Recent research findings suggest that wettability modification holds a great potential for increased oil production from mixed-wet and fractured carbonates. Our current knowledge of the field-scale performance of these processes is very limited despite very favorable results obtained in the laboratory-scale experiments. Reservoir simulation is required to properly scale up the process from laboratory to field conditions and to understand and interpret reservoir data. Without a mechanistic simulation tool and adequate scale up, it is unlikely that a cost-effective process can be developed and applied economically. The predictive simulation and methodology to scale up such a complex process will reduce the risk of failure of field projects.

A chemical compositional reservoir simulator with the capability to model oil recovery from mixed-wet carbonate rocks in both static imbibition and dynamic fractured block experiments using chemicals to alter wettability is used for this scale up study. The simulator captured the key recovery processes of capillary and natural imbibition, wettability alteration, buoyancy, oil mobilization, and viscous pressure gradient in imbibition experiments.

Proper scaling from laboratory to field indicates that the synergy of wettability alteration, ultra low interfacial tension, and emulsification under small viscous pressure gradient provides an attractive and profitable opportunity in fractured carbonate reservoirs. Dimensionless scaling groups and numerical simulations are presented for each experimental condition to aid in understanding the time dependence and up-scaling of the laboratory results to field scale applications.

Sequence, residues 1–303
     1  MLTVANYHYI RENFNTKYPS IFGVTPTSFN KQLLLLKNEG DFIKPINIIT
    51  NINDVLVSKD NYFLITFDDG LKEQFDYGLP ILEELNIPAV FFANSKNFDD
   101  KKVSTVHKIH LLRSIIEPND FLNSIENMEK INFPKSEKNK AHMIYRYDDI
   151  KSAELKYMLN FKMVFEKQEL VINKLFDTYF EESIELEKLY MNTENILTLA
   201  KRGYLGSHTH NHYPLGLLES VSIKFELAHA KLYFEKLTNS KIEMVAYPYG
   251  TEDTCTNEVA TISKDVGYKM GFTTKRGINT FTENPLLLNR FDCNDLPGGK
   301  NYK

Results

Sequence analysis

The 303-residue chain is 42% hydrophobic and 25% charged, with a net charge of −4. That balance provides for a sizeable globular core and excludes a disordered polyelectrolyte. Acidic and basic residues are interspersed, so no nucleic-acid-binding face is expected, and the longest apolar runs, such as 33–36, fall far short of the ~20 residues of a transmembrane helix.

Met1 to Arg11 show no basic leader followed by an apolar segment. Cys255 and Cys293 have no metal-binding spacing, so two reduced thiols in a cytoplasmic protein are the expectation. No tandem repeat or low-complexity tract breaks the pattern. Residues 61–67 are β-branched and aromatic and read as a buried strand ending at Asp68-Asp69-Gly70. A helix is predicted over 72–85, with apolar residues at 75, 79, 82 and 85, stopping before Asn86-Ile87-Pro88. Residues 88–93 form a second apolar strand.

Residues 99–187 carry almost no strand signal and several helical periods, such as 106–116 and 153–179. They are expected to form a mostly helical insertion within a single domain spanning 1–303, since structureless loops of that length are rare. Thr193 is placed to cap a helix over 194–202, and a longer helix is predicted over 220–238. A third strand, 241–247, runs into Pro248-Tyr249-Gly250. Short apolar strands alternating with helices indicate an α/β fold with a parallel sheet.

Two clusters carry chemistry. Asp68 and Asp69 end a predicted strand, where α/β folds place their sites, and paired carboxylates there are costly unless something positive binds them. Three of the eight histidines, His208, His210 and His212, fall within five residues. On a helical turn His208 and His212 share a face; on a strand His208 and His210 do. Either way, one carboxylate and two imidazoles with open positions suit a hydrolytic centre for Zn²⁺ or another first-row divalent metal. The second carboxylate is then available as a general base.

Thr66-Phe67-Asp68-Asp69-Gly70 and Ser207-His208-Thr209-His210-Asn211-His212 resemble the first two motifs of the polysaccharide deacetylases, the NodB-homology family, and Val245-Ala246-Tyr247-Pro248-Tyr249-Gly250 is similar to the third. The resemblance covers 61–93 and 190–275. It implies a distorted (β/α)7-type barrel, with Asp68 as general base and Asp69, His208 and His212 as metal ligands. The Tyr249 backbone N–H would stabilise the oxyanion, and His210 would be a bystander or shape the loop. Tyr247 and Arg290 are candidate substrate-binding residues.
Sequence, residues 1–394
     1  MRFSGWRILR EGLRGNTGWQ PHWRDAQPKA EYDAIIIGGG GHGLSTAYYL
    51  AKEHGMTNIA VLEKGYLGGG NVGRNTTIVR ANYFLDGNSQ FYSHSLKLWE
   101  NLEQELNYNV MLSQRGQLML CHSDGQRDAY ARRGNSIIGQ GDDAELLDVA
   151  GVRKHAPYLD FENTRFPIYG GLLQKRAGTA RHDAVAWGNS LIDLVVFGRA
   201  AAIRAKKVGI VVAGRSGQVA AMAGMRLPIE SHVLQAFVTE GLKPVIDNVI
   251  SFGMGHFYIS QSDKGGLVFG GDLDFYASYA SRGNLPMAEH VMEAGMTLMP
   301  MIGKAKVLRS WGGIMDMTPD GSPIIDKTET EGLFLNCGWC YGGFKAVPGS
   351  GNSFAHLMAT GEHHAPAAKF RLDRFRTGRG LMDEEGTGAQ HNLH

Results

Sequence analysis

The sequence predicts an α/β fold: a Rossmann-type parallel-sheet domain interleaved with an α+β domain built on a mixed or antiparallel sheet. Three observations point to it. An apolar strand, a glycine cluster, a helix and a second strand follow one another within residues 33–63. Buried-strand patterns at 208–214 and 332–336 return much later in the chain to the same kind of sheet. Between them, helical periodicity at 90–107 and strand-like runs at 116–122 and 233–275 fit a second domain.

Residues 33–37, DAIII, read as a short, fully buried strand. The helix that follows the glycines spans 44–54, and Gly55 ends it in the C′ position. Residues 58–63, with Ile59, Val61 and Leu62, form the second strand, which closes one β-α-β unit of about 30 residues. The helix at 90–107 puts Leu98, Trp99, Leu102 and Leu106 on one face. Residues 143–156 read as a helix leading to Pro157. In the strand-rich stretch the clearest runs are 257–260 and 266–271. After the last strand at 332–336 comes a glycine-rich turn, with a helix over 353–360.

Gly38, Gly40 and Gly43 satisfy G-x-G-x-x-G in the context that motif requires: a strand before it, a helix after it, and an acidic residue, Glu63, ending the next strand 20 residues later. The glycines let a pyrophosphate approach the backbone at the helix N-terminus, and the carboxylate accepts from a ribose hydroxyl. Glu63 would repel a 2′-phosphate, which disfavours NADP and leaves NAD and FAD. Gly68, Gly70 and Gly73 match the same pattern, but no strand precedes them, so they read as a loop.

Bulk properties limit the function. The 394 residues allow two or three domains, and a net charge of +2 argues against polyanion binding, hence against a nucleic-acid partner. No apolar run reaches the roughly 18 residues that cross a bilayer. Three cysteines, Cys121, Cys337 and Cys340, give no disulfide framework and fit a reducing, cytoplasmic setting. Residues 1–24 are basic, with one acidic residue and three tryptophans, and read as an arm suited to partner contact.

The oil recovery results of the static imbibition experiment were successfully scaled using a reference time based on gravity emphasizing that the buoyancy was a dominant mechanism in this case. The scale up simulations for the dynamic fractured block experiment indicated favorable conditions for field scale applications with more dominance of viscous forces.

You can access this article if you purchase or spend a download.